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Raman spectroscopy is a major tool for chemical sensing due to its ability to identify molecules based on their vibrational and rotational fingerprint in the emission spectrum. Raman spectroscopy is an ideal contrasting method for chemically resolved microscopy that does not require prior preparation or fluorescent tagging of the sample. The sensitivity of classical Raman methods, such as coherent anti-stokes Raman spectroscopy (CARS) or stimulated Raman spectroscopy (SRS), is ultimately limited by shot noise from the stimulating fields.
We developed squeezing-enhanced Raman spectroscopy [9] that overcomes the shot-noise limit in a simple manner, fully compatible with standard Raman spectroscopy methods. By incorporating the Raman sample between two crossed parametric amplifiers (that squeeze the light along orthogonal quadrature axes), a nonclassical (SU1,1) interferometer is formed, where the Raman response of the sample induces a nonlinear phase shift, which can be detected with sub-shot-noise sensitivity. The resonant Raman response of the sample is amplified by the squeezing factor of the parametric amplifiers, while the non-resonant background is fully annihilated by destructive interference. Seeding the interferometer with classical coherent light stimulates the Raman signal further without increasing the background, effectively forming squeezing-enhanced versions of CARS and SRS, where the quantum enhancement is achieved on top of the classical stimulation.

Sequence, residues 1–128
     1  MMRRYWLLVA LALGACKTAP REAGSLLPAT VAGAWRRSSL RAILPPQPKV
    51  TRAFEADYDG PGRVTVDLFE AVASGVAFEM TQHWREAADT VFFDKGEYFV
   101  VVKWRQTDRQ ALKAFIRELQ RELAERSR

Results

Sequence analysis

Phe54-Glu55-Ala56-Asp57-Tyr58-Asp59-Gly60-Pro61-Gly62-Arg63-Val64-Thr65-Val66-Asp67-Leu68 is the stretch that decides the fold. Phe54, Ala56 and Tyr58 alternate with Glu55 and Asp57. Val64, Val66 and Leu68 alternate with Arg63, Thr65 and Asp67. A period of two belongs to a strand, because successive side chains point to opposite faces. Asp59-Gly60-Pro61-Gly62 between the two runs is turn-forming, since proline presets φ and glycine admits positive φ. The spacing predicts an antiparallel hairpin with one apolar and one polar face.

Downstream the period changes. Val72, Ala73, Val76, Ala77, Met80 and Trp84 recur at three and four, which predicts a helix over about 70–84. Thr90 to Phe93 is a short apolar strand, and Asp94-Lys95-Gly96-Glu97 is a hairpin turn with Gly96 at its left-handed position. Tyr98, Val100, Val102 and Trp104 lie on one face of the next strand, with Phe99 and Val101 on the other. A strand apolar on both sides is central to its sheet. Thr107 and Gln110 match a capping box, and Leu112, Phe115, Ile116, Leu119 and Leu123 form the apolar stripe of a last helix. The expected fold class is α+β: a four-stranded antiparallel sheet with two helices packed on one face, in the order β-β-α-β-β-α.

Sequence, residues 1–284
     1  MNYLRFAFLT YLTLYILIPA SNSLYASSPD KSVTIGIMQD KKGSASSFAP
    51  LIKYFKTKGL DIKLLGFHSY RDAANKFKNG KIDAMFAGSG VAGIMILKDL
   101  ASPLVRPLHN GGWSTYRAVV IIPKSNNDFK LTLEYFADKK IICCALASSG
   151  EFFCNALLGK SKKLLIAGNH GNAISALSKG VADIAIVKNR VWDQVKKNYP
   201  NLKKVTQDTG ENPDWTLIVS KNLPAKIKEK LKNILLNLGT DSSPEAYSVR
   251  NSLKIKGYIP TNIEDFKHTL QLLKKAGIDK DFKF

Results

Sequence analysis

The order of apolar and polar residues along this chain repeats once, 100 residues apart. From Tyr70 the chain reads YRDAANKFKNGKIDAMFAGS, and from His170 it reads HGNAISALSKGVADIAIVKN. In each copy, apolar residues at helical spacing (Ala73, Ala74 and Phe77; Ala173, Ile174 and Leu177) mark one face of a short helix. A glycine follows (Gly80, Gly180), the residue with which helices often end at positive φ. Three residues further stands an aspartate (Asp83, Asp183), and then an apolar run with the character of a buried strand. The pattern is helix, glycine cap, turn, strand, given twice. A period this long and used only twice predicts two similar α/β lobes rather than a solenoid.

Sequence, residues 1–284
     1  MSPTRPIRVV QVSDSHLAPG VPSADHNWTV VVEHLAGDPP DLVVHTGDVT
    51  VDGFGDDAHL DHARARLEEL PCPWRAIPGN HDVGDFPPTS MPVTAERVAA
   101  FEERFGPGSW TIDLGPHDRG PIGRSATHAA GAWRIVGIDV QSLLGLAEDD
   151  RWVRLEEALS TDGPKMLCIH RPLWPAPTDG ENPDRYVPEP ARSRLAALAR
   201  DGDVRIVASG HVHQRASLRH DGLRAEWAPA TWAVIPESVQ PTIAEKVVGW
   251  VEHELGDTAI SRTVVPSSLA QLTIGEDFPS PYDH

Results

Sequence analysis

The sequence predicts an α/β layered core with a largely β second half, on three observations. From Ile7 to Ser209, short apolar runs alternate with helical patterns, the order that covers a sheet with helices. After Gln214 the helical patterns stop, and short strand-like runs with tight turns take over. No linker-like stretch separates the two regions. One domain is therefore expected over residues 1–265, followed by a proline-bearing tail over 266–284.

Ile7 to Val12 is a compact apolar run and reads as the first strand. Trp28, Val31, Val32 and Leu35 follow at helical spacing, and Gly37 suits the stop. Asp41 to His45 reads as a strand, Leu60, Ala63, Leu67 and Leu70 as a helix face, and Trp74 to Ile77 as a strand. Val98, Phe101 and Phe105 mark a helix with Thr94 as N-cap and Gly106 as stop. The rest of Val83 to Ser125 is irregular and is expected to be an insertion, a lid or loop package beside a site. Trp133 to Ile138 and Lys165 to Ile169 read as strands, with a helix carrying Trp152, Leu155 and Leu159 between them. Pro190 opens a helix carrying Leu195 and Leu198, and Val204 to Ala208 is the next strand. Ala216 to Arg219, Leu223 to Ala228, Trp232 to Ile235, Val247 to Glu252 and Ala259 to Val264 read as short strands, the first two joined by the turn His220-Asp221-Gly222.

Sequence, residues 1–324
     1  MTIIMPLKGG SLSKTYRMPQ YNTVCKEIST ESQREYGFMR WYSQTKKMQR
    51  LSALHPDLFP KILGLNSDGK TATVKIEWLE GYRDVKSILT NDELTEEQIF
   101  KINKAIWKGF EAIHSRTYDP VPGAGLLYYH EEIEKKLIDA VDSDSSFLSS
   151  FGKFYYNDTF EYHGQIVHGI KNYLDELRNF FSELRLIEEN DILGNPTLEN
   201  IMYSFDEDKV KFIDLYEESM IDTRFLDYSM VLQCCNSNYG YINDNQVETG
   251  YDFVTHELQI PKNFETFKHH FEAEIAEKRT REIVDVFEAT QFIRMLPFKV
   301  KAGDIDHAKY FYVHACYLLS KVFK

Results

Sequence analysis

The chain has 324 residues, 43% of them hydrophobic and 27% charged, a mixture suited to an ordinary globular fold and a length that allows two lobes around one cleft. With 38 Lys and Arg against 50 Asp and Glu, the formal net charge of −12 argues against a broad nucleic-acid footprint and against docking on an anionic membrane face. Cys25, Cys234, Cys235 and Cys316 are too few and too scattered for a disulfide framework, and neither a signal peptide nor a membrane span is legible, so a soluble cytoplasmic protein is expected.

Quantum Sensing: Squeezing-enhanced Raman Spectroscopy: Research
  1. Yoad Michael, Leon Bello, Michael Rosenbluh and Avi Pe’er, “Squeezing-enhanced Raman Spectroscopy”,  npj  – Quantum Information 5, 81 (2019)

  2. Yaakov Shaked, Yoad Michael, Rafi Vered, Leon Bello, Michael Rosenbluh and Avi Pe’er, “Lifting the Bandwidth limit of Optical Homodyne Measurement with Broadband Parametric Amplification”,
    Nat. Commun., 9, 609 (2018)

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